Recent polls suggest that incumbent US The president would beat almost certain Republican challenger, businessman Mitt Romney. According to ABC News, “a most of registered voters across 12 swing states for the first time backs The president.” The President “leads Romney with a 51 to 42 percent margin”.
This is a about face February, when “the president trailed Romney inside the swing state match-up, 46 to 48 percent.” The support was driven by women under 50, less than 50 % of whom supported the president in February. Over 60% of women under 50 said they preferred Obama, with Romney receiving 30% of support. This is a 14-point drop for Romney since February. Among women overall, Obama holds an 18-point lead over Romney. Romney has one vote more, in support, among men.
Your swing states are all-important for the 2012 Presidential election. Furthermore worrying for Romney is that – according to Gallup – enthusiasm is waning among his supporters. Among pressing issues are relations with Iran; immigration; the geopolitical threat from China and, first and foremost, the debt America has (and its healthcare implications).
Both Obama and Romney have talked tough on Iran; immigration and China – although how different a Romney presidency will be, with regards to these issues, is debatable. Chances of military action against Iran is going to be greater once the election has ended, although it carries huge risks.
Immigration has become tricky since the largest groups – Hispanics and Mexicans – are far too large in number for any politician to look to be unfairly targeting immigrants from Latin America. The intricate relationship with China – not least that country’s huge holding people debt – makes the concept of an insurance plan gear-change difficult to imagine.
America’s largest problem remains its debt. The Committee to get a Responsible Federal Budget found out that of the four Republican candidates, only the elder statesman Ron Paul would significantly slash America’s deficit.
Romney – the almost certain winner – would add around $250bn. His reduction of federal workforce costs could trim around $530bn but his reductions on corporation tax could give a further $1 trillion. Romney would actually increase debt interest by $40bn.
His tax cutting plans – cutting marginal rates for folks by 20% – could add $2.6 trillion to the debt. Romney plans to reduce the top rate paid on income from 35% to 28%. Americans in the lowest bracket would pay 8% not 10%. Americans closer to the middle would pay 20% not 25%.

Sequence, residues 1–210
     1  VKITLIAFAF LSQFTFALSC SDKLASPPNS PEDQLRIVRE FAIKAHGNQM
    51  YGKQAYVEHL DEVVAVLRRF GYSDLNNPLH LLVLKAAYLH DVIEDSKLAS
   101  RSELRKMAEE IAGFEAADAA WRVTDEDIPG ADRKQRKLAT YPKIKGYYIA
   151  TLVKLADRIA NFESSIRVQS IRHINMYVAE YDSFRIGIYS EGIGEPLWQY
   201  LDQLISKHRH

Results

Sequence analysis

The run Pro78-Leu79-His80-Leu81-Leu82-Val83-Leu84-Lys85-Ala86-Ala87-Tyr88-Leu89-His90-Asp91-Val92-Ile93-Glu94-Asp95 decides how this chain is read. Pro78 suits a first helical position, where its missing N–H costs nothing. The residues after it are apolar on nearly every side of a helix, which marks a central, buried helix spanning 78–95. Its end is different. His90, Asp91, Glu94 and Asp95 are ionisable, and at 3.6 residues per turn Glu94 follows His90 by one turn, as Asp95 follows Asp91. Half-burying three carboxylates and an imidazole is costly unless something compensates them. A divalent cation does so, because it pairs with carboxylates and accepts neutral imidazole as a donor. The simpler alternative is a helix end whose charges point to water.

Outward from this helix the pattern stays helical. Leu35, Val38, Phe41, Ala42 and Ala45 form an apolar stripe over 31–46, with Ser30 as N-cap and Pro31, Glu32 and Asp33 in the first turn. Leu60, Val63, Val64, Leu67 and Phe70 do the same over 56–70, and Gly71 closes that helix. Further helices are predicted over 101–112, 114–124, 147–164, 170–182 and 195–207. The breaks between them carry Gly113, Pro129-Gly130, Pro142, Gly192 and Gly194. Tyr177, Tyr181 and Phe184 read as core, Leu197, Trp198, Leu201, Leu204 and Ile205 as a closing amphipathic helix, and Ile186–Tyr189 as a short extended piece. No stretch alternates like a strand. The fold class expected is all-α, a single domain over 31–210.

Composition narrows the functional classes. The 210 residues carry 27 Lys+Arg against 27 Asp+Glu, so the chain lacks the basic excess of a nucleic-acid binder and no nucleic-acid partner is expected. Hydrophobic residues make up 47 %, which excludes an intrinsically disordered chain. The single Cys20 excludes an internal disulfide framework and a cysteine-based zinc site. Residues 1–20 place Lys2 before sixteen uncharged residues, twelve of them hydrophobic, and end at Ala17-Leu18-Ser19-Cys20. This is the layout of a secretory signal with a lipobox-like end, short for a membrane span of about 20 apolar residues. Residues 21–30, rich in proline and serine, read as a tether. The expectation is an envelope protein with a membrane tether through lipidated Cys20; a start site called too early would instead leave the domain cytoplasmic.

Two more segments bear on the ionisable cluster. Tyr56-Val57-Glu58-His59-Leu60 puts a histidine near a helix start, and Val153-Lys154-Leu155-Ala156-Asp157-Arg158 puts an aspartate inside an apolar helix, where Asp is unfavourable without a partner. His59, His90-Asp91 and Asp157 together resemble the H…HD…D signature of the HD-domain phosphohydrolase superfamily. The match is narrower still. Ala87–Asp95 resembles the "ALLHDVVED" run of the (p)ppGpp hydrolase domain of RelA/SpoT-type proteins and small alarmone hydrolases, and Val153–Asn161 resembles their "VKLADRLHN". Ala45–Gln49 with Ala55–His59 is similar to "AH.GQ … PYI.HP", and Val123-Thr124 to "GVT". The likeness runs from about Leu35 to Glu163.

Taxes would continue interest, dividends and capital gains for taxpayers who make lower than $200,000 per year. Estate tax would go there would be a lowering of the speed paid by corporations from 35% to 25%. Romney would cap spending at 20% of GDP, reduce non-security discretionary accounts by 5% and pursue a balanced budget amendment.
But while Romney’s spending caps are a step in the proper direction, now’s not the top for overall tax cuts. But Barack Obama fairs worse. In September, Obama lay out his promises to find budget savings of $3 trillion, although he wants $1.5 trillion in new revenue.
While Obama applies to the tax cuts, unlike Romney he does not change spending. Social security remains unchanged and healthcare finds only $320bn in savings, without any raising from the Medicare eligibility age from 65 to 67. Obama has actually included with the deficit. Even his defence cuts have been known as a “mirage” through the Financial Times.
In reality America wants a mix of a couple of tax rises, massive cuts to social spending and the government, along with a trimming of defence. While national security should not be compromised, one wonders what eventuality will necessitate military bases in Norfolk, Heidelberg and Naples.
Obama’s Treasury Secretary Tim Geithner was chided by Head of the House Budget Committee Paul Ryan (a possible Romney running mate) for neglecting to cut America’s debt. While debt stabilises until 2020, it skyrockets thereafter and hits 400% of GDP by mid-century – a program which the Congressional Budget Office claims, would “shut down” the usa economy in Many years time.
As former US Comptroller General David Walker argues, it is the future social security and healthcare cost which – if nothing changes – will almost certainly bankrupt the usa. The united states cannot inflate its way to avoid it of their debt, without dramatically pushing in the costs of social programmes and hiking up interest on its debt. To cultivate using this financial vortex, America would need 10% or even more annual GDP growth from this level on in.
In fact, a Republican Congress could force whether Democrat or Republic president’s hand, while Paul Ryan would force Romney to make steeper cuts. But whoever is elected in 2012 must move quickly. The spotlight is currently on Europe. However it won’t be forever.